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Exposed: 32 most tribalistic counties in Kenya

COUNTIES
By STEVE MKAWALE and PATRICK KIBET | September 29th 2016
NCIC chairman Francis ole Kaparo. A report put together by the National Cohesion and Integration Commission lifts the mask on 32 counties that have violated the law on ethnic balance and diversity in public service employment. (PHOTO: FILE/ STANDARD)

A State agency has exposed counties whose key employment criteria since 2013 appears to be that you must be ethnically-correct, meaning you must have been born there, to get an employment letter. 

The report put together by the National Cohesion and Integration Commission (NCIC) lifts the mask on 32 counties that have violated the law on ethnic balance and diversity in public service employment. 

The study, commissioned by NCIC for the past four years, names the counties that have been turned into employment bureaus for the ‘sons and  daughters of the soil.” The picture could have been more telling were it not that cosmopolitan counties escaped the negative rating because of the multiplicity of ethnic groups and the political influence those elected among them wield in recruitment.

County Public Service boards in the 32 counties have disregarded a quota reserved for hiring employees to ensure ethnic diversity and instead filled positions with people from the local community.

Some have up to 97 per cent of employees from their tribes, which violates Section 65 of the County Government Act (2012) that proposes 70 per cent of jobs be given to locals and 30 per cent be reserved for experts from outside these areas.

More inclusive

The study done between November 2014 and August 2015 shows at least 32 have hired over 70 per cent of their staff from one ethnic group.

Only 15 counties (31.9 per cent) have adhered to the law, giving over 30 per cent of vacancies at entry level to members of ethnic groups that are not dominant in their jurisdictions.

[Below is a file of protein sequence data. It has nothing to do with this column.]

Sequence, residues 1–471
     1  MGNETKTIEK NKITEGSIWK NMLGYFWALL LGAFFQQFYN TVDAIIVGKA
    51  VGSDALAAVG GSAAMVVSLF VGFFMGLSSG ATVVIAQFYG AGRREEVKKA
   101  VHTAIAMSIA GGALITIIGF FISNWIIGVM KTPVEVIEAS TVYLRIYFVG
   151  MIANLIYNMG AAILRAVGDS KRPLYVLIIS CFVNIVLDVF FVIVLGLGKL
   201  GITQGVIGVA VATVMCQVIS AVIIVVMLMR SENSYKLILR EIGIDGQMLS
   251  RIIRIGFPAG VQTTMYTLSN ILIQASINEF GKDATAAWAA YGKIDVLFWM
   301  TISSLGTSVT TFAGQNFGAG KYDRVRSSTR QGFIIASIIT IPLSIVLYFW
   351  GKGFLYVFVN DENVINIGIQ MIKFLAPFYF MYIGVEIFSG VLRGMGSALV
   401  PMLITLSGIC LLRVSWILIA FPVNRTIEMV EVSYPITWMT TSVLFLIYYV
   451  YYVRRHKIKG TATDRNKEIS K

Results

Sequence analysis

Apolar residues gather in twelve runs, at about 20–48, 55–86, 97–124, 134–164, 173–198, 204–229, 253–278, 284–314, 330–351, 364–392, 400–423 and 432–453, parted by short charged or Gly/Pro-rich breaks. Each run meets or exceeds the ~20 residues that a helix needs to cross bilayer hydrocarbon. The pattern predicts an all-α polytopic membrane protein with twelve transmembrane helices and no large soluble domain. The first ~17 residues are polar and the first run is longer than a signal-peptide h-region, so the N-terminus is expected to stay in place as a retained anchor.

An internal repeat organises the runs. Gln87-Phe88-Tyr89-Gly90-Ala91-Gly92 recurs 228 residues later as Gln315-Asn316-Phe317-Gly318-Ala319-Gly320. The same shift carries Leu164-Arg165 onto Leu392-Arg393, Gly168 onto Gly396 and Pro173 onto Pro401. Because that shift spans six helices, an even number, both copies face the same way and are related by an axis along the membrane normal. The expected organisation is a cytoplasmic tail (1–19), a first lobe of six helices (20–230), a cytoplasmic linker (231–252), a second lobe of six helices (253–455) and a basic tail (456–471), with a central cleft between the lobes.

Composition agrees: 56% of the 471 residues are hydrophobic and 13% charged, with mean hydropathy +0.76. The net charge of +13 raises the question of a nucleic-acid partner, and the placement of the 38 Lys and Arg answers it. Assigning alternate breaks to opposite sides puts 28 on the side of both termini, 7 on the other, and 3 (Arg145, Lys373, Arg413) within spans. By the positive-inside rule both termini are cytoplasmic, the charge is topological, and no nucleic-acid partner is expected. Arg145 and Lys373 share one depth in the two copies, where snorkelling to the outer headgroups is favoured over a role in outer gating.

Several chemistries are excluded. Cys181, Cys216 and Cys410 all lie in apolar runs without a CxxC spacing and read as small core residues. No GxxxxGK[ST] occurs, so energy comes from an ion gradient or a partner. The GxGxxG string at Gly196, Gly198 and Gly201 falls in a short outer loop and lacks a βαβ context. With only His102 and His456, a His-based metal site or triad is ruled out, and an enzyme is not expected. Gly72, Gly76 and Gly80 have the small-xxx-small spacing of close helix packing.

“This implies new recruitment continues to contravene the provisions of the existing law,” stated the report titled ‘Ethnic and Diversity Audit of the County Public Service.’

NCIC chairman Francis ole Kaparo said the study was conducted as a way of ensuring that county governments strive to be more inclusive. He told Kenyans to remain vigilant in holdingcounties accountable for the obligations vested on them by law.

“By publishing this report, the commission has presented the country with policy recommendations to ensure ethnic equality and equitable distribution of opportunities in the county public service,” he added. “If well implemented, this will enhance unity of purpose among Kenyans from all walks of life.”

Bomet, headed by Governor Isaac Ruto, hired 97.9 per cent of 330 new employees from his Kalenjin community. Kirinyaga County was also flagged in the report for skewed appointments after it hired 97.6 per cent of 569 new staff from the Kikuyu community.

Elgeyo Marakwet headed by Governor Alex Tolgos was found to have 97.6 per cent of 569 new employees from the Kalenjin. In the case of Bomet and Elgeyo Marakwet, it is not clear if the employment ratio favours the resident Kalenjin sub-clans in the two counties.

At least 97.9 per cent of workers in Nyamira come from the Abagusii community while in the neighbouring Kisii County, 97.5 per cent of 3,606 staff are from the same community.

The report further revealed that of the 1,671 workers in Tharaka Nithi County, 95.6 per cent were from Tharaka. The Meru and Kikuyu communities had 1.9 per cent and 0.6 per cent respectively.

Kisii also flouted the law according to the study that revealed 1,275 (97.5 per cent) of new employees appointed since the inception of devolution were from the Kisii community.

In Kericho County, 95.3 per cent of the 2,550 workers belong to the Kalenjin community while 95.2 per cent of the 2,638 workers in Murang’a County are Kikuyus.

Although Uasin Gishu has 64.9 per cent of 2,599 staff from the Kalenjin, 94.4 per cent of new staff employed under Governor Jackson Mandago are from his Kalenjin community.

The NCIC report also observed that the naming of certain counties may have given some groups an advantage in claiming opportunities.

“The names of counties such as Samburu, Kisii, Tharaka Nithi, Nandi, Turkana, West Pokot, Embu and Meru are among other perceptions of discrimination as they seem to give entitlement benefits to the said groups,” read the report.

The study also revealed that of these eight counties, seven accorded over 90 per cent of posts to the named groups. In Baringo, Governor Benjamin Cheboi’s administration had 81.5 per cent of its 4,056 work force from the Kalenjin community. Of that number, the minority Njemps were given 151 slots and the Pokots 224.

A similar situation is replicated in 23 other counties with a wider inter-ethnic representation that tended to adhere to legal expectations, even if measured against the stipulation of the law.

The study showed counties such as Kilifi, Mombasa and Kwale seemed to have generated a wider inter-ethnic interaction platform.

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